Iquitos-based NGO Instituto Chaikuni and regional indigenous federation ORPIO have published a report highlighting the devastating impacts of the North Peruvian Pipeline transporting oil all the way from the Amazon to Peru’s Pacific Coast. The report, titled ‘The Black Snake of Peru’s Amazon: the North Peruvian Pipeline’, includes maps of the reported spills, testimonies from impacted indigenous people, powerful photos, and remarks from some of the experts involved. The number of ‘spills’ - more than 100 since 1979 - are reported to have increased since 2014. 

In addition, the report draws attention to an ‘alarming yet very little acknowledged report’ by a Peruvian Congressional commission investigating the ‘spills.’ The conclusions highlighted include ‘serious indications of possible corruption’ among functionaries working for the Peruvian state-owned company, Petroperu, that owns and operates the pipeline, as well as ‘irregularities’ in contracting, negligence regarding maintenance of the pipeline, and the possibility that the companies contracted to clean up some of the ‘spills’ were responsible for them in the first place.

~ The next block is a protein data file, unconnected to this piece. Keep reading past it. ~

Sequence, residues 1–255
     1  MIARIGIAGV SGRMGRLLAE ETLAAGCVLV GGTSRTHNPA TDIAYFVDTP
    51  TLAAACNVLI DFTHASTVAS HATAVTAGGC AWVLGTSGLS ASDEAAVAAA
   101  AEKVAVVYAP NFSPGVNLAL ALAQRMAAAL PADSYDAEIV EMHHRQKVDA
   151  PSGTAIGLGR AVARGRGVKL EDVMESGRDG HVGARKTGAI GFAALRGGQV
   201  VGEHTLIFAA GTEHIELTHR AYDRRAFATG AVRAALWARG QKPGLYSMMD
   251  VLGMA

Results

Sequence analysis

‘The aforementioned companies may have had sufficient economic incentives to participate directly or indirectly in the cuts to the Pipeline made between 2014 and 2016, since as their frequency increased, so did the possibilities of exponentially increasing profits,’ the Commission’s report states.

Chaikuni and ORPIO acknowledge that the Commission’s findings still haven’t been discussed by Congress, and question the long-term future of oil operations in the north Peruvian Amazon. The impacts on indigenous peoples like the Achuar, Kichwa, Urarinas and Kukamas are effectively impossible to convey. One man featured in the report, Percy Casternoque, is quoted saying: ‘I want the Peruvian State and world to know the great necessity we are in. We have heavy metals like lead and mercury in our blood. As human beings, we need health, life, and tranquillity.” 

David Hill